Just forget the words and sing along

Thursday, February 11, 2016

Fishing in the Discount Bin - Ewoks: The Battle for Endor

Here we go again with Fishing in the Discount Bin, where I blog about one of the many movies I own.  We're taking a brief look at George Lucas's Ewok TV movies, and today we do The Battle for Endor.  This is in my notes at May 15, 2015.

I have more vivid memories of the second Ewoks TV movie, The Battle for Endor, probably because it has the more brutal beginning. 

It's a few months after The Ewok Adventure.  Cindall's father almost has their star cruiser fixed, and they're getting ready to go home.  But then, a band of Marauders attacks!  Cindall's mother...dead.  Mace, Cindall's brother and the hero of the first film...dead.  Cindall's father makes the ultimate so Cindall can get away.


According to the directors, when they sat down with George Lucas to hammer out a story, Lucas had just re-watched Heidi and was in love with the premise of an orphan girl going to live with her hermit grandfather, and thus drawing the grandfather out of his shell.  So this meant our heroine Cindall had to become an orphan. 

And we need to introduce our hermit grandfather.  That would be Wilford Brimley as Noa.  He's got a bit of an interesting back story.  So Noa and his partner Salek were a couple of young entrepreneurs out to take on the galaxy, when their star cruiser crashed on the forest moon of Endor.  Salek went out to scavenge for parts to fix their ship, and Noa has spent a years-long vigil waiting for his friend to return.  So...he's essentially Han Solo, alone on a deserted planet, waiting for Chewbacca to return.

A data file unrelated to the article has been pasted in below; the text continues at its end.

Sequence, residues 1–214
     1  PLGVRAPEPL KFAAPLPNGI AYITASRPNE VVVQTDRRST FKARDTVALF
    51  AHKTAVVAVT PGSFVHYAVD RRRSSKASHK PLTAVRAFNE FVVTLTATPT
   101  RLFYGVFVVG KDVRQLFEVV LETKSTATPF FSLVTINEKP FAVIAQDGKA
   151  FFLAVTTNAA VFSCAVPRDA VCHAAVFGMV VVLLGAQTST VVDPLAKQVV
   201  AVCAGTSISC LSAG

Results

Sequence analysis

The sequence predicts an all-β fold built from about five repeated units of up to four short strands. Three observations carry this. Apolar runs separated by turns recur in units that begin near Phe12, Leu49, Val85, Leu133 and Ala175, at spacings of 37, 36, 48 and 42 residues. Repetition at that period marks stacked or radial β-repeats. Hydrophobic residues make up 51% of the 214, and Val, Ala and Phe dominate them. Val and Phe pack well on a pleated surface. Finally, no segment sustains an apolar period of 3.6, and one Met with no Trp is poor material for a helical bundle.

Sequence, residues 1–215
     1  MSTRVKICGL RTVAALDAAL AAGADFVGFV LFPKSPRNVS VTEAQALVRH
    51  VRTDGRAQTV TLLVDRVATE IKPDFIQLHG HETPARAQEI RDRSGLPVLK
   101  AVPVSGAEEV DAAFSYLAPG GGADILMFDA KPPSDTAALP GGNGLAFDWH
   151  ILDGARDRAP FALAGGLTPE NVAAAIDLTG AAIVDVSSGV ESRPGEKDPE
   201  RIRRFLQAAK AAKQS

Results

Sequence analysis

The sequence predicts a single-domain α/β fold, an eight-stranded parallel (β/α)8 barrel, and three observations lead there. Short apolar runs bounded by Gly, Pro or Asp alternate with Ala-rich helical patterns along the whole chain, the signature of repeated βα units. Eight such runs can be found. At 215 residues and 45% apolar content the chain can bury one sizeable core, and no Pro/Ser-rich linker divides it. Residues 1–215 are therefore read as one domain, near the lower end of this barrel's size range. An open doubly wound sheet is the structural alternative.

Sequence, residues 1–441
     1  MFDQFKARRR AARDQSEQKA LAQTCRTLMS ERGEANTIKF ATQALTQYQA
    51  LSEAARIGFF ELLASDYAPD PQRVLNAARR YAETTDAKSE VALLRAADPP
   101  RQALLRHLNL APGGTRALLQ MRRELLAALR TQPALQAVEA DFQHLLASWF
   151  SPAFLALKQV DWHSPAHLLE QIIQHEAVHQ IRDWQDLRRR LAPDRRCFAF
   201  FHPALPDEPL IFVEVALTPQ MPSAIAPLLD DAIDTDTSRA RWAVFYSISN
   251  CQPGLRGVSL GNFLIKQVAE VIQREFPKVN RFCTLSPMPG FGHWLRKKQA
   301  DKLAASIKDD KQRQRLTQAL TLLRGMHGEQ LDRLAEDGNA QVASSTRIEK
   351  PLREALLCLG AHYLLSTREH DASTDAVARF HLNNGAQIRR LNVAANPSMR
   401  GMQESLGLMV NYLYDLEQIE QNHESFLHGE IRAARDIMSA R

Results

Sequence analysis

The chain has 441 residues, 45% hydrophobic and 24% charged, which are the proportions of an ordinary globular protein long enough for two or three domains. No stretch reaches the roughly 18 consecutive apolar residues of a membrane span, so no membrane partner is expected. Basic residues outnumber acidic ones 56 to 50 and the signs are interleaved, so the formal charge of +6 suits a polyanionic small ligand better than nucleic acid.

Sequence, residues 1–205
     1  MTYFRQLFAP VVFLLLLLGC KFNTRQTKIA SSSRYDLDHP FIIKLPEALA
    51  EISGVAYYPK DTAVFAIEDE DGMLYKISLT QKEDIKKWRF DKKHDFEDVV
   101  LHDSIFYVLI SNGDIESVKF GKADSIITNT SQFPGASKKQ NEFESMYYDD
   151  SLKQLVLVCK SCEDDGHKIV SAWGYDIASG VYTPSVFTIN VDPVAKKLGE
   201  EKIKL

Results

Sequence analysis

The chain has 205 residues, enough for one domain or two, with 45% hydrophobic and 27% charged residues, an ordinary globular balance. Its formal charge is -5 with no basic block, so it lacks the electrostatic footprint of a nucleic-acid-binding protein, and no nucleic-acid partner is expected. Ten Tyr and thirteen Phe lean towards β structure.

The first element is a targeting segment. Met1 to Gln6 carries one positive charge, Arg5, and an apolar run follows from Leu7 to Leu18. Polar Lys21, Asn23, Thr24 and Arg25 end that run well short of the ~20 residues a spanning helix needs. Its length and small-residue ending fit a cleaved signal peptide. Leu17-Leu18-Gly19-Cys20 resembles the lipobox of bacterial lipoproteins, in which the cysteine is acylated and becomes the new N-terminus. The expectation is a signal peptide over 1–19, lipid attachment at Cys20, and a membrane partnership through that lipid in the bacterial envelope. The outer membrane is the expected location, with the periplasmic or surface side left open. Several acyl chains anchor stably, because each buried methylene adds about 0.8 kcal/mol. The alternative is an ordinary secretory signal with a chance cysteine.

And the disappearance of Salek kind of sets up the story.  The Marauders, led by Terrak, captured Salek and were convinced that the power crystals he sought to repair their spaceship were some kind of great magic talismans that would bestow ultimate power.  So with Salek's blueprints having become ancient texts, and his scavenged parts mysterious talismans, Terrak is eager to decode their mysteries and gain this ultimate power.  Eventually, he's convinced Cindall is a sorceress who knows how to make it work.

Now I mentioned last time that these films delve a lot more into fantasy, and that's more so here in this second film.  Here, we get a straight-up witch.  Charal, Terrak's court sorceress, who has a magic ring that lets her turn into a raven.  She sadly doesn't have that much to do, aside from kidnapping Cindall at one point.  It's kind of out of place and makes me wonder if Lucas was simply doing a dry run for Willow

This one is definitely a lot more intense than the first one.  There's more action, Brimley proves to be a rather cantankerous yet capable action hero, and are villains seem more villainous.  It's mostly fun, if still suffering from a lower TV budget.  All I remember is that 8-year old me really loved it, so that has to count for something.

1 comment:

Matt said...

Star Cruiser Woooosh, Star Cruiser Woosh woooosh!